Actor Jon Gries' name appears next over an image of a man and a woman riding a donkey -- a donkey almost shiftily looking over its shoulder toward us. This could symbolize Gries' character Greg cheating on his wife Tanya with another woman -- or another man, as we see when he apparently appears in an old picture with British expat Quentin. In episode 2, Greg leaves Tanya alone at the resort, saying he has to fly back to Denver for work. In the finale, Tanya deduces that this was so he would have an alibi while Quentin and his men had her killed.

We then see the names of actors Tom Hollander and Sabrina Impacciatore over men and women separated on either sides of a room. This seems to point to how Hollander's character Quentin, a wealthy gay British expat, is seemingly on holiday with his large group of friends. Meanwhile Impacciatore's character Valentina, the resort manager, reveals feelings for receptionist Isabella (Eleonora Romandini) in episode 4, then later has a sexual awakening with the help of Mia in episode 6.

The cracked fresco, a giant statue and fighting birds

In an intriguing fresco set on the water, we see a man bowing down before a younger man and a woman who drops a necklace into the sea. Actor Michael Imperioli's name appears here -- his character Dominic, a sex addict and father of Albie, has been desperate for the forgiveness of both his son and wife, who are disgusted by his affairs and betrayal. In episode 4, he buys his wife a piece of jewellery as a gift and in the finale, he's willing to pay 50,000 euros in exchange for his son putting a good word in for him with his wife.

Next we see actor Theo James' name over a giant naked statue of a man -- in episode 1, James' character Cameron deliberately undresses and exposes himself to Harper. Here, we also see a dog peeing on the statue -- a show of disrespect toward everything it represents.

Above, we see two birds at war with each other, alongside actor Aubrey Plaza's name. The light and dark-colored pecking birds could represent the dueling intentions of Plaza's character Harper. In episode 6, Harper appears to consider cheating on her husband Ethan with Cameron, after suspecting Ethan lied to her about what he and Cameron really got up to while she and Daphne were away at the fancy palazzo in Noto. In the finale, Harper confirms Cameron kissed her, although now it's Ethan who suspects more happened that she's unwilling to admit.

Three generations of men standing on a boat before a hotel manager

The three generations of Di Grasso men.

Fabio Lovino/HBO

The sacrificial lamb and the offering

In the next scene, alongside actor Haley Lu Richardson's name, we see what looks like a lamb and a maid sitting on the ground. Richardson's character Portia is at her boss Tanya's beck and call, so the maid probably represents her low status. It also looks like the maid has her back turned to the lamb -- the lamb could represent Albie, the man Portia found overly gentle, innocent and unexciting in comparison to Quentin's charismatic and cheeky nephew Jack (Leo Woodall).

The next scene is a tad confusing -- it shows a man making an offering to a regal-looking woman, with actor Will Sharpe's name. Is this Sharpe's character, Ethan, serving Harper an apology? Or is this to represent his newfound wealth that he's sharing with her?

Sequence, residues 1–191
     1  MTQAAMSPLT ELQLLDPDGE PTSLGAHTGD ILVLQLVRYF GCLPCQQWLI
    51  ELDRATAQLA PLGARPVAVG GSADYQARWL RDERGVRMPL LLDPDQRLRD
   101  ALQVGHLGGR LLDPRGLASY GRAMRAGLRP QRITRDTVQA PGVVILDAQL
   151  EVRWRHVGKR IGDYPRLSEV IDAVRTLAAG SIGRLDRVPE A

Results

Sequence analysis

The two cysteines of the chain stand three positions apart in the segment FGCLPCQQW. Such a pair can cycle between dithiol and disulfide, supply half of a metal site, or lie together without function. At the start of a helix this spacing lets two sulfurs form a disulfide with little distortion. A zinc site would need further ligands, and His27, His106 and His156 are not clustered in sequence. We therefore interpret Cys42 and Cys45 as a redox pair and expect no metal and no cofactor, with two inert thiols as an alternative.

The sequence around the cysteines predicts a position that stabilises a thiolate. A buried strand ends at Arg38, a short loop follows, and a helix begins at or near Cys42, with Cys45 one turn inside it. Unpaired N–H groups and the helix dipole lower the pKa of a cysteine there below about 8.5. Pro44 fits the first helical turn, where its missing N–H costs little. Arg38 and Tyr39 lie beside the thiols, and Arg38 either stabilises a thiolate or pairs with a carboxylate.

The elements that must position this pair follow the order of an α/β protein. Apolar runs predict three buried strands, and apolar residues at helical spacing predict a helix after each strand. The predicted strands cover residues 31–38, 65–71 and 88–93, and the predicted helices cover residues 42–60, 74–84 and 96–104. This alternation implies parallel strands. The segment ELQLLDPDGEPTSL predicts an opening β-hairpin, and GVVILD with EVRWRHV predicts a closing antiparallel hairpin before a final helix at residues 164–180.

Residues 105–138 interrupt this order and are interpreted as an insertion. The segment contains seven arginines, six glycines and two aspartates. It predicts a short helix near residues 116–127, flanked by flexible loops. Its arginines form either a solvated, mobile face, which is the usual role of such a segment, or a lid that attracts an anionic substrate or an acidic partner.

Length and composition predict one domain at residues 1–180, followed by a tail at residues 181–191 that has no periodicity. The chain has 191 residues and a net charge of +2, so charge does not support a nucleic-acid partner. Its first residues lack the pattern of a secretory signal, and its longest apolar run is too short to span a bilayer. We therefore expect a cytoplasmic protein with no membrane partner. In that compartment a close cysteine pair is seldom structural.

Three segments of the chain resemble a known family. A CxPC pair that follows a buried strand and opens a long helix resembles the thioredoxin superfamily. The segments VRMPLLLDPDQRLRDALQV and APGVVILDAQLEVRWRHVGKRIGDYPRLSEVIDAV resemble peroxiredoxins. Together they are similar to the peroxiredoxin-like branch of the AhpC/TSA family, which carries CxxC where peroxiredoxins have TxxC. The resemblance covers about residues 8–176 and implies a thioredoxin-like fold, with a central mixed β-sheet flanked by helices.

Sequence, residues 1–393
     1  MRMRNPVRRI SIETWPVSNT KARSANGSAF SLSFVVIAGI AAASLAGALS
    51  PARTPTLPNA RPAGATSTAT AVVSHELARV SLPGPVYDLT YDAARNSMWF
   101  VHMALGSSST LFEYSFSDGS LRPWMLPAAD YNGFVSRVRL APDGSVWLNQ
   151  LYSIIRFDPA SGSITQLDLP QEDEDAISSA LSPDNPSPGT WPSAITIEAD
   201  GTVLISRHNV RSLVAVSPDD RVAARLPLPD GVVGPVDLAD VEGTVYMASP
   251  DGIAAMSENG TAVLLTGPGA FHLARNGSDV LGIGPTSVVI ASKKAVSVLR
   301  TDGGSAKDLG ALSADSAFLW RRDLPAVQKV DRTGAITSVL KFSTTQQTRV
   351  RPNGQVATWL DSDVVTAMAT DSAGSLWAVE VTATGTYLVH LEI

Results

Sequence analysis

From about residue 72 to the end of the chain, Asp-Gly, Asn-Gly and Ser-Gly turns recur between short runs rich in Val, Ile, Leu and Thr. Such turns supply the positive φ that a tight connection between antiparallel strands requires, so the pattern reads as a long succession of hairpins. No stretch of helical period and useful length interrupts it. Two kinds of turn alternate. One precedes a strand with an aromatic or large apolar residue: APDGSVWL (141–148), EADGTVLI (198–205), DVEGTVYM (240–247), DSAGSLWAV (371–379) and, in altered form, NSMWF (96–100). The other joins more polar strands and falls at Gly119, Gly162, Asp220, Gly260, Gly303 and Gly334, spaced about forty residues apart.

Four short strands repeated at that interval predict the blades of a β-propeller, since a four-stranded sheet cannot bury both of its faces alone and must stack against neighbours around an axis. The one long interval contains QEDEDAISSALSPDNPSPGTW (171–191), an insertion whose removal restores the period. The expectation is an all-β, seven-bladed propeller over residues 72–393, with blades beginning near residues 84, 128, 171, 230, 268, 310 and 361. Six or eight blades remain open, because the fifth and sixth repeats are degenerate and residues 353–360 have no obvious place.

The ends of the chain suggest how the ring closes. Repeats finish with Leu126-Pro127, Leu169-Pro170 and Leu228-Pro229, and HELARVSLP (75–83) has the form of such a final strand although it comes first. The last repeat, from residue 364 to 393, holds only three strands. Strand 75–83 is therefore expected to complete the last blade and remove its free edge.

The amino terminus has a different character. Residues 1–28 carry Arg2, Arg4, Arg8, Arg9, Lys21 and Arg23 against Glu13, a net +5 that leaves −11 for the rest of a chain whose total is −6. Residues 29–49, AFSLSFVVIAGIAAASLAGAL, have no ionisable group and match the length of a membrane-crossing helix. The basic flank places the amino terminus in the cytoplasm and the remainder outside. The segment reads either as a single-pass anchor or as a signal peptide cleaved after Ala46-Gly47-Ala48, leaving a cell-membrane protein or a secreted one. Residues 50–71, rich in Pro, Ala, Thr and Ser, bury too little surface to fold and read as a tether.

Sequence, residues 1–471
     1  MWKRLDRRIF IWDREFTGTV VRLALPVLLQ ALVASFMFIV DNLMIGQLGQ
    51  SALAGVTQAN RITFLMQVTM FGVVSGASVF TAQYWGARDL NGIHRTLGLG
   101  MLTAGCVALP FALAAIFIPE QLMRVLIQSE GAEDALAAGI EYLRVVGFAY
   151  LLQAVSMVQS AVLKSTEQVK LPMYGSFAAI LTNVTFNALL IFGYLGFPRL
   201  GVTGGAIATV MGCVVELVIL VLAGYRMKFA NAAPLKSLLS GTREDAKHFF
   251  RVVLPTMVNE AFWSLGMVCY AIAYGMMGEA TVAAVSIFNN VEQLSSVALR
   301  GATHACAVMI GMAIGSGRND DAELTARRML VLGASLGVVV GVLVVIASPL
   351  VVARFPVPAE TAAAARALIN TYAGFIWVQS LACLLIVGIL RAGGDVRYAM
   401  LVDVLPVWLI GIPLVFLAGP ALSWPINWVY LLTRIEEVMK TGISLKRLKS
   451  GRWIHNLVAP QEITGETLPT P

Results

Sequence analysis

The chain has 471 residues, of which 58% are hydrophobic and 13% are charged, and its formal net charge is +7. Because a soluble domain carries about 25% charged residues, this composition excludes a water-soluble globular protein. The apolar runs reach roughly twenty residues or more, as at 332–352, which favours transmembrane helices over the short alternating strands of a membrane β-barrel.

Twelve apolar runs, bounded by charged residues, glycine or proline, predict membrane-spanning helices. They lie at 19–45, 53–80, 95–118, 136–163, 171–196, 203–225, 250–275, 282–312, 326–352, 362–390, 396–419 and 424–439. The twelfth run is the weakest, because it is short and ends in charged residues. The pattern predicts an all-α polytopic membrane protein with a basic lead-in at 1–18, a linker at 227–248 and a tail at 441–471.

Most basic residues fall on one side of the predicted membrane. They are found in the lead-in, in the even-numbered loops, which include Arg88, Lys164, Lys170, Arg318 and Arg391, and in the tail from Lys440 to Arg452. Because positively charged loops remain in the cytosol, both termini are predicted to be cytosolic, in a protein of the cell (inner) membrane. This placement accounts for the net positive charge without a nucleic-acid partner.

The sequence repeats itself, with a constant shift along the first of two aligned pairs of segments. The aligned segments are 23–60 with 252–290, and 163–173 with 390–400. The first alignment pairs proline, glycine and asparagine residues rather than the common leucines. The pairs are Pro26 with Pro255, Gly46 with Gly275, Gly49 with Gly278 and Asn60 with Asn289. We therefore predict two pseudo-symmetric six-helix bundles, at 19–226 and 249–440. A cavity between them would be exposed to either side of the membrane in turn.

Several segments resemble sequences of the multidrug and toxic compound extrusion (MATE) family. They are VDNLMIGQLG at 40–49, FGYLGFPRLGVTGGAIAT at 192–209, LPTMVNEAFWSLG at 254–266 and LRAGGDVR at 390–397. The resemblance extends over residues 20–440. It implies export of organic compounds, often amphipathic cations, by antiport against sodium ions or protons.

The cat and the aggressive men

Next up: a small cat with leopard spots and a little bird in its mouth, slinking around a column. Actor Simona Tabasco's name appears here -- she plays local hustler and sex worker Lucia, who exclaims in episode 4 that she turned her previously conservative friend Mia into a monster. Maybe Mia's innocence is supposed to be the little dead bird in the cat's mouth. In the later episodes, Lucia also seems to grow more and more fond of the impressionable Albie. Maybe his innocence is also represented by the dead bird, which she takes full advantage of in the finale, hustling him for 50,000 euros.

Actor Leo Woodall's name appears next, alongside an image of one man standing over another. On the one hand, it looks like a threatening situation: the former's foot is placed in a pretty perilous positing between the latter's legs. This could represent Woodall's character Jack being forced to work for Quentin and do things he doesn't want to do. This scene might also have a more sexual implication: We learn in episode 5 that Jack is engaging in sexual acts with his "uncle" Quentin.

The burning building and the white swan

As the beat of the music ramps up, the images become even more explicit. We see:

  • A hotel-like building burning in the distance -- no prizes for guessing the meaning behind this one (things metaphorically go up in flames at The White Lotus).
  • Two men engaged in sexual activity on a beach.
  • Goats also engaged in a sexual act.
  • Three circular holes in the side of a wall -- which could represent the three generations of the Di Grasso men and their behaviour toward women following a circular pattern.
  • General scenes of violence and blood.
  • A woman being seduced by a swan -- this seems to be a reference to the story of Leda and the swan in Greek mythology, where the god Zeus transforms into a swan and rapes Leda, the queen of Sparta. It isn't totally clear if this is explicitly referring to any single character in the show. Maybe the woman is supposed to be Tanya, Portia, Isabella, Daphne -- any one of the women taken advantage of by a man.
  • A fountain rising -- a phallic image.